Saturday, September 22, 2012


There’s so much excitement as they amble down the covered walkway.  No one moos, but I get that particular vision for a moment.  It is quickly altered as I hear the rolling wheels of tightly packed suitcases with all the possible wares for a weekend of hiking, shopping, beachcombing and possible puddle jumping.  Grandparents welcome children who close their electronic games.  Maybe the trees, rocks and water will prove to be a sufficient distraction from the gadget reflex. 

The marine air is crisp this morning.  Still, there parade of cars disembarking the ferry, loaded down with mountain bikes, kayaks and canoes.  Others tow fishing boats and trailers.  Fall is officially here, but summer lovers plead for an extension.  I can spot the tourists just by studying the people riding shotgun.  Their heads bob back and forth, glimpsing the ocean, then the rocky shoreline and the forest beyond.  Oh look, Howard.  Isn’t it beautiful?  Poor Howard must keep his eye on the Buick in front of him as a retiree complies with the 20 kilometer-per-hour signage. 

I try to soak in all the anticipation, the eagerness, the hope for a weekend or a week of memories.  Just think of all the photos we can post on Facebook!  I still see the beauty of this place.  Indeed, I will never tire of gazing at the silhouette of the mountains edging the water, especially at dawn and dusk.  But I have overstayed my own adventure by thirty-four months.  This land is a Siren that lured me and won’t let me go.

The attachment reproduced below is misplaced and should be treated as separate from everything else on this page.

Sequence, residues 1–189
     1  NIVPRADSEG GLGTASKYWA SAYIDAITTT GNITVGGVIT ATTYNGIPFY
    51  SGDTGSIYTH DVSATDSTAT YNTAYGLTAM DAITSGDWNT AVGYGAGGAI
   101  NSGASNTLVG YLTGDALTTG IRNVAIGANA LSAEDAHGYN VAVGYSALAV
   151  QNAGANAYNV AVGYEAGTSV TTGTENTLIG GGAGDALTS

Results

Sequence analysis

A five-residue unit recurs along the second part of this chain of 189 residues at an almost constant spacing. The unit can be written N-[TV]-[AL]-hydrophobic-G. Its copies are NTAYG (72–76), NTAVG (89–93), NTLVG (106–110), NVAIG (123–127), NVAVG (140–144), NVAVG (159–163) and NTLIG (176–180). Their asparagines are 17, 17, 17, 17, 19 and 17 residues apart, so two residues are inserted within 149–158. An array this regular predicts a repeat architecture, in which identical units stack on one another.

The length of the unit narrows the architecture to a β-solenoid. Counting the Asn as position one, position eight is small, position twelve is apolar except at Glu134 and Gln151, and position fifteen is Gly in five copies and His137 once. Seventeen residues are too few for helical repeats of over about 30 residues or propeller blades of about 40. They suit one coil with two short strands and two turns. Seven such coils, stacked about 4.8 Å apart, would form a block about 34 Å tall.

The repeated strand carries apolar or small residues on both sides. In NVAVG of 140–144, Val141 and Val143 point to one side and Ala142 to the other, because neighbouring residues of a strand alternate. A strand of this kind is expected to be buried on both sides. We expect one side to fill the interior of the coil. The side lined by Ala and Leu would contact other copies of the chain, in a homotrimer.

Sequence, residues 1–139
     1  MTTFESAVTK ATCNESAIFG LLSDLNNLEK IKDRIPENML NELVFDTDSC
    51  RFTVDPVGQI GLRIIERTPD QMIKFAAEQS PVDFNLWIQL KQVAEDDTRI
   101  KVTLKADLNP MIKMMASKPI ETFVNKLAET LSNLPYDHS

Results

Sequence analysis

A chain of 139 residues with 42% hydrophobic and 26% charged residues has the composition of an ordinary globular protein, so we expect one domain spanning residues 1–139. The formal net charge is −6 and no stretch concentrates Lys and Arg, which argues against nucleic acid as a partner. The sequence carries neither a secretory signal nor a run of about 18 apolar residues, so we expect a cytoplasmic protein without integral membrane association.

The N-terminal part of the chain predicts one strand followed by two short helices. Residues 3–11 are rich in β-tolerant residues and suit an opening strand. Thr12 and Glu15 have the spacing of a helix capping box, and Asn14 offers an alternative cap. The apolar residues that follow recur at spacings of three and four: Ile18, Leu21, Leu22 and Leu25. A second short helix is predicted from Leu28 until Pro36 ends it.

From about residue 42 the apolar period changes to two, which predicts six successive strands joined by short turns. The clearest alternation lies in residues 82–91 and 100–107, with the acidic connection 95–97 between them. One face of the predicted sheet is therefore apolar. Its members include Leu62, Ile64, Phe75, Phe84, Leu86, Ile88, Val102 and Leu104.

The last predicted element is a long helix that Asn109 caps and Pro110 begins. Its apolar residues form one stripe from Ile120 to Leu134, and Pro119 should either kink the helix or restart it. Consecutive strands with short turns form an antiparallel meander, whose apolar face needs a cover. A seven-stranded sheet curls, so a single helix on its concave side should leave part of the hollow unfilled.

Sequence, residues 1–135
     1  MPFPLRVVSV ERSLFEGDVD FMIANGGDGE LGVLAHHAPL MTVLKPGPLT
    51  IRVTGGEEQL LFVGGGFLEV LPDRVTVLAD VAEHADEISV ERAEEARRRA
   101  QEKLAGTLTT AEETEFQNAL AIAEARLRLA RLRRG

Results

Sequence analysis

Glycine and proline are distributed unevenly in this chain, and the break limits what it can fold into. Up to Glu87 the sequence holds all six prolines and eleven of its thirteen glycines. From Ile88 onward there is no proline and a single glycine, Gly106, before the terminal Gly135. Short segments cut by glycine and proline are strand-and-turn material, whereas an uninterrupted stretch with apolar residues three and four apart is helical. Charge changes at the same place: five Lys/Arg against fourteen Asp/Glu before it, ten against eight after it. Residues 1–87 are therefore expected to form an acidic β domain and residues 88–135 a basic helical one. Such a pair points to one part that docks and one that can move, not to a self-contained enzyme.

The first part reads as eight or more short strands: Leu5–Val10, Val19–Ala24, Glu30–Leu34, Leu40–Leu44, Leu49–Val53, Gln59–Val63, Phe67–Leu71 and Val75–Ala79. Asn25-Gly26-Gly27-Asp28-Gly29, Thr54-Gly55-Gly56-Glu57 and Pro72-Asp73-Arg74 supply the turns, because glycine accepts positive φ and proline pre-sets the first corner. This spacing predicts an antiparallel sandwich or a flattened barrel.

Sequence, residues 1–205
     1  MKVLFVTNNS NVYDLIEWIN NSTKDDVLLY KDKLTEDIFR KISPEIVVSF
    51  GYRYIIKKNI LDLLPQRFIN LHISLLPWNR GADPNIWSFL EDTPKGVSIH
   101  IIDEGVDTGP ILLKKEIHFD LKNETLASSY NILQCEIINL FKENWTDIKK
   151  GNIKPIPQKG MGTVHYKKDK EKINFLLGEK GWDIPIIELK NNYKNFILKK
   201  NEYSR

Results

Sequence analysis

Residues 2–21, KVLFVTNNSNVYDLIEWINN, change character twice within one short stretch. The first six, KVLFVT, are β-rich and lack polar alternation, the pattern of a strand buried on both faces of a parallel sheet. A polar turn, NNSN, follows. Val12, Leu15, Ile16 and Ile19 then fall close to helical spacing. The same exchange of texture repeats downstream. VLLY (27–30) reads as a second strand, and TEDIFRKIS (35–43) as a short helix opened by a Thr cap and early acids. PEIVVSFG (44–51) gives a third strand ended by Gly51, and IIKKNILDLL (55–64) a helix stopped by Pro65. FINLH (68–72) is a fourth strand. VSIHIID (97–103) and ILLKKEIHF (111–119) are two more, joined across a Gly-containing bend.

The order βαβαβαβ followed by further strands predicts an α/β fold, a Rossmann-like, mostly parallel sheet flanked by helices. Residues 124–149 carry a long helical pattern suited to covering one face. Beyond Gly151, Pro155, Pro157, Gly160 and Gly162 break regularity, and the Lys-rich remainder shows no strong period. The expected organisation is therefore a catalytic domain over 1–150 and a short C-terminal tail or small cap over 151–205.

Before moving here, I explored this coastline, coming over for weekend and weeklong visits.  The brouhahas from work and the stresses of navigating through city traffic vanished from my mind as soon as the ferry set sail.  I always said just going by ferry made me feel like going to a foreign country, as though heading to some place more exotic than the matching coastline on the Vancouver side of the water.

Now, instead of feeling at ease, I get a sinking feeling each time I board.  The boat may be afloat, but I am fighting to keep my head above water.  I cannot cope with the two-hour stoplight I so often face on my commute home from work.  The ferry schedule takes away all joy I once felt about my home and my surroundings.